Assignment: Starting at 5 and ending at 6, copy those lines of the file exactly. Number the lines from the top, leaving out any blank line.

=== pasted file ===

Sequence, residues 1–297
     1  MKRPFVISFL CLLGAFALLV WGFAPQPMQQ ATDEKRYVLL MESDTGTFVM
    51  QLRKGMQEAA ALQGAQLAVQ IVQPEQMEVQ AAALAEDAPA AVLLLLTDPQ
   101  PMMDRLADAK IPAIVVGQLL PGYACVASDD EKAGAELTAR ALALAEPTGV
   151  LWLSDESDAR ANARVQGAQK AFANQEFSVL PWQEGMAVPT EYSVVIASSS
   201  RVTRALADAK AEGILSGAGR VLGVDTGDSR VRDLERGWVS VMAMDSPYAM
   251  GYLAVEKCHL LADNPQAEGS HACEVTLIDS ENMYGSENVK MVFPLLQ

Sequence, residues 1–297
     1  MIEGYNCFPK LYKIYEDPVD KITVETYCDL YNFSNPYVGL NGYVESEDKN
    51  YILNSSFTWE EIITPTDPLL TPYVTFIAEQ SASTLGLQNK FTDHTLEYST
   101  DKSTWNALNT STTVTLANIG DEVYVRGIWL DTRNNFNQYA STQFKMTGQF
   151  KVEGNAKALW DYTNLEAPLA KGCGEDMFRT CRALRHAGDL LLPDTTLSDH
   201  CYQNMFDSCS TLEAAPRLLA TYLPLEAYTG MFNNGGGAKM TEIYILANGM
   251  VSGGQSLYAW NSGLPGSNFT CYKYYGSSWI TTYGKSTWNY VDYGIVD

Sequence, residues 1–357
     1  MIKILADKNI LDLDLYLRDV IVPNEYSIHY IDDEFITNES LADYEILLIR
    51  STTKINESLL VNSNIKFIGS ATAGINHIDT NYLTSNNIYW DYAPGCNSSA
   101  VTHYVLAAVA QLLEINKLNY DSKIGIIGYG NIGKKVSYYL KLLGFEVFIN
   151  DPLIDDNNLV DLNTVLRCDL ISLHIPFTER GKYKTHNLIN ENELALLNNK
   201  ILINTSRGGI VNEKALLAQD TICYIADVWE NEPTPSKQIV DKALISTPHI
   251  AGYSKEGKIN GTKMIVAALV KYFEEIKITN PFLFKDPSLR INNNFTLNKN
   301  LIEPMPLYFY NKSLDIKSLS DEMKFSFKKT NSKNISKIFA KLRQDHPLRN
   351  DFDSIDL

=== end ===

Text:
   151  LWLSDESDAR ANARVQGAQK AFANQEFSVL PWQEGMAVPT EYSVVIASSS
   201  RVTRALADAK AEGILSGAGR VLGVDTGDSR VRDLERGWVS VMAMDSPYAM